At the recent Small Cell Forum event, Ip.access took home an award for “outstanding innovation in small cell business case” for its Super Multi-Operator solution, which enables shared access small cells. According to ip.access, with SUMO “each access point broadcasts multiple PLMN codes on the same spectrum and all users see the AP as a cell within their home network. A policy based resource scheduler in the AP allocates capacity and bandwidth according to predefined rules managed via SLAs. The Viper gateway then securely routes all traffic to the appropriate core network for each operator.”
In the recent report titled “Multi-Carrier Small Cell Solutions for In-Building Wireless,” Wireless 20/20 analysts Randall Schwartz and Berge Ayvazian write, “The critical question is which solutions can provide the multi-carrier capabilities needed for most venues at a cost point which can encourage a faster rate of deployment. While small cells can meet the cost-points required for in-building coverage, they have been challenged to provide coverage for more than one carrier at a time. But new virtualized small cell solutions have become available that can face the challenge of addressing the economic and multi-carrier requirements of the small and medium size venues.”
Another player in this space is Baicells, which made a splash at Mobile World Congress this year by touting the “first real” small cell for neutral host or multiple operators. Called NeutralCell, the company says the multi-operator solution delivers “a single small cell that can be used by multiple operators. NeutralCell meets the requirements of communication systems from different operators for the frequency band and transmitted power. Neutral host service providers can deploy NeutralCell at a site and then deliver wireless service at the facility to various operators by renting this station to them. In this way, operators can resolve the difficulty in the arrangement of special sites, save on building and operation costs, and build up their networks quickly.”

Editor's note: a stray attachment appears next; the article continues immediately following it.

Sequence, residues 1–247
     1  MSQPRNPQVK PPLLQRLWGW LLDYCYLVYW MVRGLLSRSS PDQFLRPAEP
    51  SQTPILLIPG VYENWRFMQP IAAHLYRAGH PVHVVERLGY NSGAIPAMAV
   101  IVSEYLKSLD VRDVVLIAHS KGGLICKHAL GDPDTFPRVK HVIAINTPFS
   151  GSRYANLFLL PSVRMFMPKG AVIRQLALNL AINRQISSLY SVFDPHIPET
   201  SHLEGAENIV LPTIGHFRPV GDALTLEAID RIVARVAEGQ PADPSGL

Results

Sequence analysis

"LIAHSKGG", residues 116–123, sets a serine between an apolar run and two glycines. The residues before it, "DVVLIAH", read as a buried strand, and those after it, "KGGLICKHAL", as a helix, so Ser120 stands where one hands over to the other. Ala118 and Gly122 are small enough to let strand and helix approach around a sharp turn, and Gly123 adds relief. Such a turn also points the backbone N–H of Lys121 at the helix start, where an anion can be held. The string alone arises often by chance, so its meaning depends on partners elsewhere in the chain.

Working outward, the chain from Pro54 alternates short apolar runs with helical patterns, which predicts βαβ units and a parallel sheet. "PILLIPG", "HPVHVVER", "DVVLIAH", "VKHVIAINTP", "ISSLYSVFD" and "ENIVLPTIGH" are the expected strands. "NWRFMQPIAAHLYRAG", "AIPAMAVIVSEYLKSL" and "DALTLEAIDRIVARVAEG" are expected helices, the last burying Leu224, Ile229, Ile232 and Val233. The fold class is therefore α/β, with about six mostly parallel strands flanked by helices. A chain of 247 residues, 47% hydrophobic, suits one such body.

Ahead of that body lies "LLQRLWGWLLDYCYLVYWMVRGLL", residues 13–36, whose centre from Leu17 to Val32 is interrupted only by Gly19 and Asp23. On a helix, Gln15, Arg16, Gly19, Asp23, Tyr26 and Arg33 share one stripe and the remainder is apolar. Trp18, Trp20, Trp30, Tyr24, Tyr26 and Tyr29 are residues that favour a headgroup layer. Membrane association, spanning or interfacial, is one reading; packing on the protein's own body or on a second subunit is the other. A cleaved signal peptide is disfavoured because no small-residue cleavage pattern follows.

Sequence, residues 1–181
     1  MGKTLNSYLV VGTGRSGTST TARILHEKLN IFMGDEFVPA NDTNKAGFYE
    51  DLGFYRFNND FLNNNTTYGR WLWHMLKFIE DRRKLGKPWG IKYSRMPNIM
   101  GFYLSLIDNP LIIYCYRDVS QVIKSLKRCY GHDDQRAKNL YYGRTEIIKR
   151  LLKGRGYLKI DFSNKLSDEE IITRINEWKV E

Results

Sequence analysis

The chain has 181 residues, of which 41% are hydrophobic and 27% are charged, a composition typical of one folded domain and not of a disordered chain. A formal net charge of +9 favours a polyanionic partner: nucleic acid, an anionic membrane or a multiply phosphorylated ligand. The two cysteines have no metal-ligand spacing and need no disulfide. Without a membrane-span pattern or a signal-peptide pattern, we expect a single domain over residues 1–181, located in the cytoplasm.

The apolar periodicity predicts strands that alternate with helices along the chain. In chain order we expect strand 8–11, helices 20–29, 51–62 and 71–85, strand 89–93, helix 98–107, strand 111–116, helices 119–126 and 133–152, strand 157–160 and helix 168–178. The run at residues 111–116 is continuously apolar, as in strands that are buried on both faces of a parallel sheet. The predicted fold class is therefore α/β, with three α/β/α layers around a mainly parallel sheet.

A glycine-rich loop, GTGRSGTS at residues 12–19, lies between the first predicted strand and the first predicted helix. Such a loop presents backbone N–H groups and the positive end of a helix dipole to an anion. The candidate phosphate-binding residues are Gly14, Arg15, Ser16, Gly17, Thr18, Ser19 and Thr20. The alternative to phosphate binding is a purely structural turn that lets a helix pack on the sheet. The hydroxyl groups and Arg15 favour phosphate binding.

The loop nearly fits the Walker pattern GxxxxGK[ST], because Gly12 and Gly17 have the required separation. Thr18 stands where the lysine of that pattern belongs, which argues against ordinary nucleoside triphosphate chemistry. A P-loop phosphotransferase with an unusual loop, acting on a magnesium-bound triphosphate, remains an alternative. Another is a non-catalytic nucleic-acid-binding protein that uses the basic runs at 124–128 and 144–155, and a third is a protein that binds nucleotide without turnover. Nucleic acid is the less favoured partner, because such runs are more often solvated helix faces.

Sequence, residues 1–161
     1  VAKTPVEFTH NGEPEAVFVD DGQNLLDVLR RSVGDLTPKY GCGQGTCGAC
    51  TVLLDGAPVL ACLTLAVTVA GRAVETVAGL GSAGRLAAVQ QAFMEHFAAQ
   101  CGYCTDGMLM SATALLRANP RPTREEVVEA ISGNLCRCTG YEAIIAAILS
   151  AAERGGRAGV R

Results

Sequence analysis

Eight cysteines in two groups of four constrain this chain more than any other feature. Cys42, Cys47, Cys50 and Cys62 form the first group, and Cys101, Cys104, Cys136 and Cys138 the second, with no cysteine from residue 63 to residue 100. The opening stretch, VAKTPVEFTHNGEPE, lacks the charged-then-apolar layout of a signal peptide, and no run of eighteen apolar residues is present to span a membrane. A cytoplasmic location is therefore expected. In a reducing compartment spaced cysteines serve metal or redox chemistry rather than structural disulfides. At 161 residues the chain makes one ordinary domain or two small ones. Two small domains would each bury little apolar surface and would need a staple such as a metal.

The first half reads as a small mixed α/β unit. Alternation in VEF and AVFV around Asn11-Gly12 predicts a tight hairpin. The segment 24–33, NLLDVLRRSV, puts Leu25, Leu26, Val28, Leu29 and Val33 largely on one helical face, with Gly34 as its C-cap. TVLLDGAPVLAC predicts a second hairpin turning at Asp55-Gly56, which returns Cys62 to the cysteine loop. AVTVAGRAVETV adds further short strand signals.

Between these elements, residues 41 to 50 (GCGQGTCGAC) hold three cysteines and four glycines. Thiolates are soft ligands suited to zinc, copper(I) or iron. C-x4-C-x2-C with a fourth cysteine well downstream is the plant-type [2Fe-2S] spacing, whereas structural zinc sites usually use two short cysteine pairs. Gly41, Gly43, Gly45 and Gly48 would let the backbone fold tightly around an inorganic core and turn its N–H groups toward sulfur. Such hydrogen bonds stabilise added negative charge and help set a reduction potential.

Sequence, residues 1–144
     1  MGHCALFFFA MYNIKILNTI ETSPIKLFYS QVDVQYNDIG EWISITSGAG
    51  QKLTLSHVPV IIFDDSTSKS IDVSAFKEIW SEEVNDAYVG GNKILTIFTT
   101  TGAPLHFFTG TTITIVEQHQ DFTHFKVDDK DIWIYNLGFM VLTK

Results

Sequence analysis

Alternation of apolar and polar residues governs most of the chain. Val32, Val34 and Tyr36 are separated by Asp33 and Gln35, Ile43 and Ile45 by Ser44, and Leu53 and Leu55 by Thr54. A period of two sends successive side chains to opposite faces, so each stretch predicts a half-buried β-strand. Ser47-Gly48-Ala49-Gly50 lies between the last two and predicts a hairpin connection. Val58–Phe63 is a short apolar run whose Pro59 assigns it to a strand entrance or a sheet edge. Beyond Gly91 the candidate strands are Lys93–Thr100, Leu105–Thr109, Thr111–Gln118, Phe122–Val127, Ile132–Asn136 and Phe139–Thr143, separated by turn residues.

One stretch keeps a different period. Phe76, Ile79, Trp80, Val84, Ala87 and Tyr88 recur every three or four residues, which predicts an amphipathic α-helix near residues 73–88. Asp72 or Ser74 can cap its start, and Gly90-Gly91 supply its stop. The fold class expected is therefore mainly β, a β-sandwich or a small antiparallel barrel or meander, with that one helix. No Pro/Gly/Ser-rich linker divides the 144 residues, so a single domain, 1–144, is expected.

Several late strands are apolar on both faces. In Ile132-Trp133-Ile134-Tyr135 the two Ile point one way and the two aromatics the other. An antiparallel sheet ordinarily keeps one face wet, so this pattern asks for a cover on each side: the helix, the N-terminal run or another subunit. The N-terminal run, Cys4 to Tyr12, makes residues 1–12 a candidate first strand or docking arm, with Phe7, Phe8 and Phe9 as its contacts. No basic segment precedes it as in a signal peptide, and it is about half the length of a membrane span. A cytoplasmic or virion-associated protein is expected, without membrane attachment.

Taking the cost out of DAS
SOLiD Technologies, which has labeled the “middleprise” as buildings between 100,000- and 500,00-square-feet, is working to address this valuable market through an innovative take on DAS: GENESIS, which provides a multi-carrier solution, but further shifts ownership to the venue owner and provides a marketplace for carriers to purchase capacity back from the system owner. “It’s a totally new approach to in-building wireless where the building owner outfits their properties with affordable, new generation DAS solution, including the signal source component,” according to the company. SOLiD Americas President Ken Sandfeld called GENESIS a “game-changer.”
The GENESIS platform includes four primary components: the DAS infrastructure, a virtualized radio access network signal source, cloud-based management, and a marketplace application. This enables what SOLiD refers to as a “supply meets demand” relationship between system owners and wireless service providers.
“The reason [the middleprise] hasn’t been solved for so long is, it has been a very unbalanced relationship between the building owner and the carrier” Sandfeld said. “What we’ve done is we’ve brought a solution set together…which brings in business models, as well as software technology and hardware technology. We’re essentially flipping supply and demand on its ear. No longer will a building owner have to talk to the carriers about supply base station equipment and trying to entice them into doing something in the building. The building owner will have complete control of the solution and will ultimately become a capacity supplier to the carrier.”